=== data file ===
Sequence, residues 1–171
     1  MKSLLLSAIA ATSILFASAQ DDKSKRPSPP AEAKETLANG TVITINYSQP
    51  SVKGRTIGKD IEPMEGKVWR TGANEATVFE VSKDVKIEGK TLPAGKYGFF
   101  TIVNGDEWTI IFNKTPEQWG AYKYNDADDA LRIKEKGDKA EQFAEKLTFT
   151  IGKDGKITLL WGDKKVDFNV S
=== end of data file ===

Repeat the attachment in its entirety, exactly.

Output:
Sequence, residues 1–171
     1  MKSLLLSAIA ATSILFASAQ DDKSKRPSPP AEAKETLANG TVITINYSQP
    51  SVKGRTIGKD IEPMEGKVWR TGANEATVFE VSKDVKIEGK TLPAGKYGFF
   101  TIVNGDEWTI IFNKTPEQWG AYKYNDADDA LRIKEKGDKA EQFAEKLTFT
   151  IGKDGKITLL WGDKKVDFNV S